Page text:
BREAKING NEWS…NY Awards Money to 83 Community Microgrids; Reports Groundswell of Interest in NY Prize

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New York today awarded 83 prizes of $100,000 each for community microgrid feasibility studies through the $40 million NY Prize program.

The planned community microgrids are located throughout the state but are heavily centered in the demand-heavy southern tier that includes New York City, Long Island and MidHudson Valley.

Spurred by Superstorm Sandy, the program is part of the state’s drive to put local energy on equal footing with conventional central power plants through the state’s Reforming the Energy Vision (REV).

The 83 communities were selected from among 130 cities, villages, towns and municipalities that sought the Stage 1 NY Prize awards. The program is administered by the New York State Energy Research and Development Authority (NYSERDA).

Richard Kauffman, New York State chairman of energy and finance, described the response from communities as “overwhelming” and a sign REV meets the needs of New Yorkers.

“The NY Prize competition brings together local leadership and private sector innovation to develop clean, resilient and affordable power solutions for communities from the South Fork on Long Island to Buffalo and the North Country,” he said.

Following the feasibility studies, the state will narrow the list and award up to $1 million per project for engineering studies and business plans. And finally, in stage three, NYSERDA plans to select five to seven winners that will receive up to $25 million to build community microgrids.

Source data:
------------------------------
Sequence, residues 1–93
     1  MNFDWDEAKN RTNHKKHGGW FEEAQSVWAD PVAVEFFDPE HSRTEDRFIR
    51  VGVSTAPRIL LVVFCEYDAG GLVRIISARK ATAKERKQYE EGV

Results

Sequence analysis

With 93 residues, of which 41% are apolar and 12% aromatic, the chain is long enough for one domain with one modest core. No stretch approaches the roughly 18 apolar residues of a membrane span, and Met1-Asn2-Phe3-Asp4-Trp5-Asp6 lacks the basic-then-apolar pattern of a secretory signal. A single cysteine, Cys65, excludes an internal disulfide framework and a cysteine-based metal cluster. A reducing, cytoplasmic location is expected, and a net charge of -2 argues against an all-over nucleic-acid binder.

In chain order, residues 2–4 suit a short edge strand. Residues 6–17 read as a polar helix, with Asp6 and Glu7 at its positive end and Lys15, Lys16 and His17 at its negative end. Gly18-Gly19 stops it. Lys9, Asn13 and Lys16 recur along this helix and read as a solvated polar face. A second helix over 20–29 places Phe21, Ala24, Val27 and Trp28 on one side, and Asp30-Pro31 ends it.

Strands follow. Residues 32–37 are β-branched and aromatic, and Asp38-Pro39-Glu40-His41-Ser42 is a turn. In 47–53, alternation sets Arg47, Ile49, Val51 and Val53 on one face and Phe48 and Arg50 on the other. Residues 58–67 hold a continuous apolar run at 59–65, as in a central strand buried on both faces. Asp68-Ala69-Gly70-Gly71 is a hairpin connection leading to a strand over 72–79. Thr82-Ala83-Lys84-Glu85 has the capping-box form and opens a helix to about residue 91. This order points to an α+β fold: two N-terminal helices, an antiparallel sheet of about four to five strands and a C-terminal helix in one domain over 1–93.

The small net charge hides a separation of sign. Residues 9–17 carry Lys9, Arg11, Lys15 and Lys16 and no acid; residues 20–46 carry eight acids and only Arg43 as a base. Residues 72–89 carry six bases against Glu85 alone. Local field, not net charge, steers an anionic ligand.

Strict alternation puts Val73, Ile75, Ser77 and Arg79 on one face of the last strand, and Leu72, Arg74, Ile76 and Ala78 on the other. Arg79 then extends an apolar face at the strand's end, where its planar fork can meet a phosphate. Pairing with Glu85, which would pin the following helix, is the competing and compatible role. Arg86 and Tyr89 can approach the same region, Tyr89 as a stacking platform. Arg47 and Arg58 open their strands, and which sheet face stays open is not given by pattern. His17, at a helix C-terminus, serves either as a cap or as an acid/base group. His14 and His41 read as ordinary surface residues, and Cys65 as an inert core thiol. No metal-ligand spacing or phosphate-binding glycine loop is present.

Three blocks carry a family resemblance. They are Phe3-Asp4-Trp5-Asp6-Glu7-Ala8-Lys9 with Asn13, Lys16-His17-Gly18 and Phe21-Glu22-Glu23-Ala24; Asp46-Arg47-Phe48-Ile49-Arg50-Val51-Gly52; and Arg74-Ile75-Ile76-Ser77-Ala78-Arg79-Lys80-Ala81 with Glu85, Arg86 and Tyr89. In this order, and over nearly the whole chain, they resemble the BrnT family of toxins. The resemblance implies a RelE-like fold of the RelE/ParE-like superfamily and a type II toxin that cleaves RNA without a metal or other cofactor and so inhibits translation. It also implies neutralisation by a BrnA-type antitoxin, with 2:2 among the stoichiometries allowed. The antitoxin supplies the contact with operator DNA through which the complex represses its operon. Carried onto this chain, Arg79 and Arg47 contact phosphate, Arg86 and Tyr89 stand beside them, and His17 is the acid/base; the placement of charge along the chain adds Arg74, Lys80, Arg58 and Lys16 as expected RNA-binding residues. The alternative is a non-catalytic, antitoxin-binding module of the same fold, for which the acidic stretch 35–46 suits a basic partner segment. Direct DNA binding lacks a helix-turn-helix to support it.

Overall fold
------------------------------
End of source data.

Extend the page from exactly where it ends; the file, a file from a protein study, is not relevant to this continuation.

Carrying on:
“New Yorkers have first-hand experience regarding the need for resilient and efficient power systems that can withstand whatever Mother Nature has in store for us,” Gov. Andrew Cuomo.  “This funding will help communities across New York invest in these new systems, which will ensure critically important institutions such as police and fire stations, hospitals and schools can continue operating during and in the aftermath of an extreme weather event.”

Winners include local governments, community organizations, non-profit entities, for-profit companies and municipally-owned utilities. All winning community microgrids must be integrated into utility networks and serve multiple customers, including at least one critical facility, such as a hospital, police station, fire station or water treatment facilities.

For more details, read our analysis: NY Prize Stage 1 Awards: Who, Why and What’s it Mean for Community Microgrids.

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About Elisa Wood

Elisa Wood is the chief editor of She has been writing about energy for more than three decades for top industry publications. Her work also has been picked up by CNN, the New York Times, Reuters, the Wall Street Journal Online and the Washington Post.


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